The true cost of comfort.


Look in the mirror. Would you take career-changing advice from you?

Q: Our creative director says that the way I dress is too casual for the studio. I say as long as I put out good work, it doesn’t matter how I dress. When I’m comfortable, I do better work. How can I convince our CD to ease up on this?

A: If you want to keep getting treated like a ‘creative’, dress however you want. Enjoy your 5-year design career. I look forward to visiting your cafe in Daylesford. Mine’s a long macchiato with one sugar, thanks.

If you want to have people take you seriously, then start treating yourself and others with some respect. One of the simplest ways to do this is to dress appropriately.

Now, notice I didn’t say dress well, or dress expensively, or even to wear suits (though I do and they are fantastic); what you need to do is dress deliberately. You my friend are a designer, and the thing you get most control over is the design of your Self.

A designer’s job is in part to help people to make decisions about use, implementation, and aesthetics. Many of the decisions you will help clients to make are terrifying. Spend a million dollars on a rebrand! Scrap your current website and start all over again! Shift to a mobile-only platform! Start a Bitcoin mine!

These types of decisions already make people’s sphincters tighten up enough to turn dust into diamonds. Now, how well do you think they are received when they’re delivered by someone who could be mistaken for a bike messenger? So do you want your work to move forward, or do you want to make a point about how people who judge a book by its cover are assholes? Think carefully about this, because unless you’re Sagmeister it’s unlikely you’ll be able to achieve both.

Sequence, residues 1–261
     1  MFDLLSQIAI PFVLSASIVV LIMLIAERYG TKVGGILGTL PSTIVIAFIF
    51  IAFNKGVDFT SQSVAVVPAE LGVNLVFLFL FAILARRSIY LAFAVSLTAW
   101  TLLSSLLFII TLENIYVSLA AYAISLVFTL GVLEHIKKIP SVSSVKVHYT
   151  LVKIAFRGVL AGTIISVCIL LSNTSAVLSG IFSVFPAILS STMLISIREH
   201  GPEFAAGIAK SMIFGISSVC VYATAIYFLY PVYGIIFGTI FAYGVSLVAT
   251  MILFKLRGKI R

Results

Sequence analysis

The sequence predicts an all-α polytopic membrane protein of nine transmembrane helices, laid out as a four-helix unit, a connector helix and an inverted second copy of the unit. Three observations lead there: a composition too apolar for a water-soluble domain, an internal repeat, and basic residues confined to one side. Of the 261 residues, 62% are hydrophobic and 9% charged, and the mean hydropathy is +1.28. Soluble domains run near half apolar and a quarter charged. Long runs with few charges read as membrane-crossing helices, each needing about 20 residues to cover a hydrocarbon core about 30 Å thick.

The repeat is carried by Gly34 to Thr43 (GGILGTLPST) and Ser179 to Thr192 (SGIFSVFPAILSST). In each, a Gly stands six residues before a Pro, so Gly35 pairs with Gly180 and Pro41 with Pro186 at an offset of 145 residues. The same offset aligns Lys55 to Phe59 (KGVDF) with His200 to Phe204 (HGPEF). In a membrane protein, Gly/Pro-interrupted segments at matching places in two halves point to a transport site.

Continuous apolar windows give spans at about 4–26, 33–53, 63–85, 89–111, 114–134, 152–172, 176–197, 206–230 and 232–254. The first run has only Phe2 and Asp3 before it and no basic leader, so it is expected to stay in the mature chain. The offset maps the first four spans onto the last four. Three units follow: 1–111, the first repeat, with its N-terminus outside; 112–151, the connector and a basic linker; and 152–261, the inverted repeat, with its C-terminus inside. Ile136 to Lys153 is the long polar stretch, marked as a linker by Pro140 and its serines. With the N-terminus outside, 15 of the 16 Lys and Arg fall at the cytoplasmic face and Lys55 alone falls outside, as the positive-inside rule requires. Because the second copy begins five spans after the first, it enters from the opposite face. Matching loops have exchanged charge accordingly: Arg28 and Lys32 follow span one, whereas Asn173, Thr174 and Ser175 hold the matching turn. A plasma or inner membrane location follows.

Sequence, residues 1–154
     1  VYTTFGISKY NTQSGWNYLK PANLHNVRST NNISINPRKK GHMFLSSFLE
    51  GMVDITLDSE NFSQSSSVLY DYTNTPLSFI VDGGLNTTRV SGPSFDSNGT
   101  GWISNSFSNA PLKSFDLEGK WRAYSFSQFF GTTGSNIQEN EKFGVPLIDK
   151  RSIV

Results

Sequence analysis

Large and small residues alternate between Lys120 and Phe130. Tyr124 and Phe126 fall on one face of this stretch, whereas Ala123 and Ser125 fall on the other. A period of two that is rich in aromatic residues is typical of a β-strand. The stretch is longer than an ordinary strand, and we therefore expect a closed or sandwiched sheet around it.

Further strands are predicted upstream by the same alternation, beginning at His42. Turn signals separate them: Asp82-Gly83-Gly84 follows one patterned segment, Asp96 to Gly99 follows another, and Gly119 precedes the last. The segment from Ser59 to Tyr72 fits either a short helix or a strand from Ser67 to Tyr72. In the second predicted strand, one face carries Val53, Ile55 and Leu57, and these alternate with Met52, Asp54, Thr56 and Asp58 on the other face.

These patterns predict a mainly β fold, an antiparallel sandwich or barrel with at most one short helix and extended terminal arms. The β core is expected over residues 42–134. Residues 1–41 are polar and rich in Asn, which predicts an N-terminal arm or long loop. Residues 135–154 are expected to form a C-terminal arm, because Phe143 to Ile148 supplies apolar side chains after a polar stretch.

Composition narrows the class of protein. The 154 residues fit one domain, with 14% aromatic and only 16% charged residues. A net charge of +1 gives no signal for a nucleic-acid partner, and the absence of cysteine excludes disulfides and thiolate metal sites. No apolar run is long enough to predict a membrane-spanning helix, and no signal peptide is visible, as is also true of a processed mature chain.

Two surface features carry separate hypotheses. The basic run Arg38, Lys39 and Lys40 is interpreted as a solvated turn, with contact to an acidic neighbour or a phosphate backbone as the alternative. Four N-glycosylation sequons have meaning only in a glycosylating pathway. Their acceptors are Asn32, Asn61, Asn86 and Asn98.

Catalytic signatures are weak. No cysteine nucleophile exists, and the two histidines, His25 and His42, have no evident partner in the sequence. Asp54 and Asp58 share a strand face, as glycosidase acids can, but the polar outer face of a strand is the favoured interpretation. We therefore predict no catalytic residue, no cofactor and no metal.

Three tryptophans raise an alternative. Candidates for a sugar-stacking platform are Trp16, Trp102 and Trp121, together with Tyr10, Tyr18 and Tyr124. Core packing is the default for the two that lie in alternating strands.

I’m always bemused by ‘comfortably’ dressed designers. In my experience, they’re almost always the same people who agonise over choosing the right typeface (from just the right foundry), and bitch about how the stupid idiot client is a doo-doo head with no damned taste.

When you sell design, you cannot escape the fact that in part you are the product that is being sold. You are the expert, and should present accordingly. The way that you dress should convey authority, responsibility, and (and this is important) respect.

Not just self-respect, but more importantly, respect for your client.

If you are going to meet the CEO of BigBank, and you wear ripped jeans, you are an idiot. Conversely, if you go to a meeting at a hot new startup in the Bay Area and you wear a suit, you are a fool. I’m a guy that wears a jacket and tie almost every day; when I go and talk to people at a mining site, I wear jeans and workboots like everyone else there.

Dress in a way that shows your clients you respect them and their milieu and you’ve broken down a social barrier you didn’t even know was there.

This doesn’t mean you have to dress exactly like your clients. In all honesty, most clients want their designers to be a bit different — to have what my friend Jerome calls ‘a little Razzle-Dazzle’. Trust me on this; I’m a freakishly tall man with a bushranger’s beard who has a penchant for wearing too much tweed. You can express your individuality without people offering you spare change when you walk down the street.

At my firm, when we go see clients, we dress well. By default, Directors wear jackets and ties and other people on the team are dressed sharp casual. I understand that this isn’t everyone’s cup of tea, so we have a compromise in place. You can wear whatever the hell you want to the studio on one strict proviso: always have a change of clothes at the office that would have you ready to meet the CEO of BigBank at 20 minutes’ notice. Don’t have that and you don’t get to come to the meeting, and if you didn’t come to the meeting you can’t complain about not being in at the project’s inception.

So, really, again, it’s up to you. Dress however you want, but be aware of the decisions you’re actually making when you do.

Because it’s really not about you.💋

Ross Floate is the creative director of Floate Design Partners, and the first three people on his speed-dial are his barber, his tailor, and his lawyer.

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